When the next Hurricane Sandy–style superstorm slams into New York, the ability of America’s largest city to recover will depend on what happens to a place called Hunts Point. You might not immediately grasp its significance during a casual jaunt through the Bronx neighborhood; on a hot afternoon this June, auto shops blasted salsa music, and workers waited for their orders at a tamale truck near humble, low-brick buildings—one with a hand-painted mural of a forklift. But keep going, and you will eventually hear the roar of idling trucks outside what’s known as the Food Distribution Center. Inside the sprawling expanse of warehouses and refrigerated trailers is the food that, as of 2018, nourished more than 22 million people in a 50-mile radius: everything from California oranges to Chilean blueberries, Nova Scotian fish, and Australian beef. It’s whisked out each day by 13,000 trucks headed to tens of thousands of bodegas, supermarkets, restaurants, schools, food banks, and soup kitchens. “If Hunts Point is flooded, if Hunts Point is flattened, if Hunts Point gets deleted by weather, the city’s gonna starve,” said Victor Davila, a community organizer with a local group called the Point CDC, who’s lived in and adjacent to the neighborhood for most of his life.
Davila speaks with the bravado of someone coming from a place constantly ignored or underestimated by the people commuting to fancy Manhattan office towers. But he’s not exaggerating about the importance of Hunts Point—at least not by very much. It provides 35 percent of the city’s meat, 45 percent of its fish, and anywhere from 25 to 60 percent of its fresh produce.
That Hunts Point is highly vulnerable to flooding is not in dispute—nor is the fact that the risk keeps getting worse. It’s built on a peninsula surrounded on three sides by the Bronx and East Rivers. The Food Distribution Center narrowly avoided being inundated during Hurricane Sandy in 2012 because the storm hit when it was low tide in Long Island Sound; the water only made it as far as the parking lot. “However, complacency in the wake of Sandy would be a mistake, as the food supply system may not escape significant impacts in the next extreme weather event,” a city climate risk assessment noted a full decade ago. Five years after that warning, The New Republic reported that a citywide plan to protect the market was struggling with funding and implementation. Precious little has been accomplished since then. Even modest efforts to ensure that the power stays on during a storm are still years away from completion.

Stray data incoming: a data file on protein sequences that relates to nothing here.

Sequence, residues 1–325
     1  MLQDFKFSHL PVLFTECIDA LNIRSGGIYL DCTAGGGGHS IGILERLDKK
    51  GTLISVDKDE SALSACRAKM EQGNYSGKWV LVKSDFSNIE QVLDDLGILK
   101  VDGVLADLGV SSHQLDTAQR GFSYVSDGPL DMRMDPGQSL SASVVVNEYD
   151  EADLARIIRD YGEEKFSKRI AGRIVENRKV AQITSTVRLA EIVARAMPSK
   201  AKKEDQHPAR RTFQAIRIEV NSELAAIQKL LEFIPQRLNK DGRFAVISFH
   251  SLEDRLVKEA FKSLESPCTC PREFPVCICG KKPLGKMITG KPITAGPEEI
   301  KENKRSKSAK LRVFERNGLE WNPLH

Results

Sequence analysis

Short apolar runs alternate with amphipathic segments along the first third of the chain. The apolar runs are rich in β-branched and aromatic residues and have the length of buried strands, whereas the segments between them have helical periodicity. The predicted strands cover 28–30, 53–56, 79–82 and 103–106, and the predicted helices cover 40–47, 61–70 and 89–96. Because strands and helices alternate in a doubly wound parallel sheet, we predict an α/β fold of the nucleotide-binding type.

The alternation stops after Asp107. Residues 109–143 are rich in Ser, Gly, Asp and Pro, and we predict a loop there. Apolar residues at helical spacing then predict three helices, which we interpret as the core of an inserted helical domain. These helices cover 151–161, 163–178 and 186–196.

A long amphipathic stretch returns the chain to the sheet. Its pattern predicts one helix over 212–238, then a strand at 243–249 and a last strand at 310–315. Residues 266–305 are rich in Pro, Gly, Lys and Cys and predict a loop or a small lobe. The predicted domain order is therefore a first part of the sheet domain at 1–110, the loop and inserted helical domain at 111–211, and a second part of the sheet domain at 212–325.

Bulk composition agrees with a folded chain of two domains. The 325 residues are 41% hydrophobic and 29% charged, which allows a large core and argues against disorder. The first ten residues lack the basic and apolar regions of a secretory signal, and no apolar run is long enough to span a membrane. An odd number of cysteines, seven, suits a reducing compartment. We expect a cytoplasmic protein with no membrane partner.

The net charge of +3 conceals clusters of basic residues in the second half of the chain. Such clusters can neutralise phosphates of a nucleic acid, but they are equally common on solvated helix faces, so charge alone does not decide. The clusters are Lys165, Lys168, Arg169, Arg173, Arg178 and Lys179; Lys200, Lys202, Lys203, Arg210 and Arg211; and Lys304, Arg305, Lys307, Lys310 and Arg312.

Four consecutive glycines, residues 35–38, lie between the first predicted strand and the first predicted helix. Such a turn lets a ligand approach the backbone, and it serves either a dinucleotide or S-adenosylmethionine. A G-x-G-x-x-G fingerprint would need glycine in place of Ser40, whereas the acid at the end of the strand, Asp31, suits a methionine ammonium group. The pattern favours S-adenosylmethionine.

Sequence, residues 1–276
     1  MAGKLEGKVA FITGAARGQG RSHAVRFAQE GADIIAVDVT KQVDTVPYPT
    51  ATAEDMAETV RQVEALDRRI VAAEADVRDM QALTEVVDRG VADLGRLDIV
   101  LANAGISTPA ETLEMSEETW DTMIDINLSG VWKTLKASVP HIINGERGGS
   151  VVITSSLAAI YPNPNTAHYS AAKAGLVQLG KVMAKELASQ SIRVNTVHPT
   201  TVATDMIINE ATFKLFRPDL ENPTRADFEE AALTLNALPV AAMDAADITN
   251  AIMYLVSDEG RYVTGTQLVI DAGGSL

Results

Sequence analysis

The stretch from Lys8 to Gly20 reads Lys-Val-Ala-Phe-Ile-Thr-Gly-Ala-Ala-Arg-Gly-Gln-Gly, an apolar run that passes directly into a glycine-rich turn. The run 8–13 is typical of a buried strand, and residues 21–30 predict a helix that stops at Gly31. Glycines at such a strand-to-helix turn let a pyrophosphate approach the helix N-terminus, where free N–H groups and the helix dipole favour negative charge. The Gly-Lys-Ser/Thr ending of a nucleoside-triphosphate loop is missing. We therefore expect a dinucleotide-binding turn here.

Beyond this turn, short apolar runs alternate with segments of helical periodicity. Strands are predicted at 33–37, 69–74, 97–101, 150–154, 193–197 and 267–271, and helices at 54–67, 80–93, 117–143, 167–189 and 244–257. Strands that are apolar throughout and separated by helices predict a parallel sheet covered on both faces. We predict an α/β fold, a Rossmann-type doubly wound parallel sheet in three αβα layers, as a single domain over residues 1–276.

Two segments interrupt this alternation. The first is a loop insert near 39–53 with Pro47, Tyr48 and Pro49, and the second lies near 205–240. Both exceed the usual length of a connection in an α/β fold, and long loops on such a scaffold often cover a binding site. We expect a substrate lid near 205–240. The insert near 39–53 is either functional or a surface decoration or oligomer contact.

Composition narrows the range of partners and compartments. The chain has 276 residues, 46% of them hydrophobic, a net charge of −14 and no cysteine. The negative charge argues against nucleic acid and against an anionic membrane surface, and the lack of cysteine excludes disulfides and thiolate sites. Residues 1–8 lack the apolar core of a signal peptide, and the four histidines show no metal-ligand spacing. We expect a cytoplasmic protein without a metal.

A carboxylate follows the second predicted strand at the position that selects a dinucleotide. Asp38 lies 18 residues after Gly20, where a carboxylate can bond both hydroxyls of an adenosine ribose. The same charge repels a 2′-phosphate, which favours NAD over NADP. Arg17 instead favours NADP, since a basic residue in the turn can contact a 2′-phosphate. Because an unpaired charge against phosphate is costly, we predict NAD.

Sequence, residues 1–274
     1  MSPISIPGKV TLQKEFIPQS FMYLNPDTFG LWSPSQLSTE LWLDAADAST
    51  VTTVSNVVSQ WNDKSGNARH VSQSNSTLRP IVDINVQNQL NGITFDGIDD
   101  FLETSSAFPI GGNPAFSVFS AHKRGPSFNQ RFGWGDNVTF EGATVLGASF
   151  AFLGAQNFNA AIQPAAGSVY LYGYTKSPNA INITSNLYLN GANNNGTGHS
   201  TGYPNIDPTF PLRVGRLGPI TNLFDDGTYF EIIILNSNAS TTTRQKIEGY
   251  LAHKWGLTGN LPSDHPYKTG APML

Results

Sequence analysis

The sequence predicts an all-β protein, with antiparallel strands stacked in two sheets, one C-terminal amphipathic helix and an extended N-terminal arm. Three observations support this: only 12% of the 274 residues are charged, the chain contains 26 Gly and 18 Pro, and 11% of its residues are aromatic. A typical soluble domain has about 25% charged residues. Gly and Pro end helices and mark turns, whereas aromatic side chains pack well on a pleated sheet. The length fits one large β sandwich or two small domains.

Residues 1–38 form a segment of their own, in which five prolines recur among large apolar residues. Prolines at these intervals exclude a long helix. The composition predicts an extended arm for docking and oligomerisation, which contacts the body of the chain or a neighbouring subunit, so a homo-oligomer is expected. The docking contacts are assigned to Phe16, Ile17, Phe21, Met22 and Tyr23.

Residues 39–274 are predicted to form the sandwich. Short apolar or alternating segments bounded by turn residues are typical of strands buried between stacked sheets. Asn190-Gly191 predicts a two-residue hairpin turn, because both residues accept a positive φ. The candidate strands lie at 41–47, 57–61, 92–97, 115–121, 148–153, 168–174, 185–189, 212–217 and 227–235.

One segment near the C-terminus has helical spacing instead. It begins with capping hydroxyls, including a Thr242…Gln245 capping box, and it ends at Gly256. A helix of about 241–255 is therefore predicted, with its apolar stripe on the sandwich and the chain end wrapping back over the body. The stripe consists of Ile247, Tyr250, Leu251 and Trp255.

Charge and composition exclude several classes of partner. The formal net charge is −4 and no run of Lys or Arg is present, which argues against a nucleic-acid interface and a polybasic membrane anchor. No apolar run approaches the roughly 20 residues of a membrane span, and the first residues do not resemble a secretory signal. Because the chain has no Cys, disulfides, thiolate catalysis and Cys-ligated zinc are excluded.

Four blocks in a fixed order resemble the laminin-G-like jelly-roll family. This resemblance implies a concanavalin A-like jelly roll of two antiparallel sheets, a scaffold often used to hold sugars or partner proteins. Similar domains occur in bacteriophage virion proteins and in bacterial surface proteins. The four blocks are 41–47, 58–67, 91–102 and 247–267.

In other parts of New York City, memories of Sandy knocking out a power station and plunging neighborhoods into darkness, killing 43 people and causing $19 billion in economic damages, have spurred the political class into action. In an ideal world, under the radical approach known as “managed retreat,” you might relocate the most vulnerable people away from danger. But while that’s happening in some small pockets of the city, it’s a potentially fraught proposition for an urban area with a population density comparable to Mexico City. And so there are now five city-led projects costing upward of $4.5 billion that aim to elevate, fortify, and protect Lower Manhattan against extreme weather. Those plans must reckon with the flooding threats posed by sea levels that are rising roughly one inch every seven to eight years due to climate change, as well as the intensifying effects that warmer oceans and shrinking coastlines have on the fury of storms, which, in addition to surging catastrophically, can dump enough inland rain to suck unlucky bystanders into drainage pipes and turn subway stations into waterfalls.
City-led projects aimed at weatherizing New York are minuscule compared to what’s been proposed by the U.S. Army Corps of Engineers. Earlier this year, the branch of the U.S. military dangled a $52 billion strategy that entailed building more than a dozen movable sea barriers along with miles of concrete seawalls, elevated promenades, and other flood protection measures. It’s the sort of massive undertaking that requires local, state, and federal approval, and could take years, if not decades, to ever become reality.
Startlingly, given the price tag, a preliminary version of the plan lacked virtually any defenses for Hunts Point.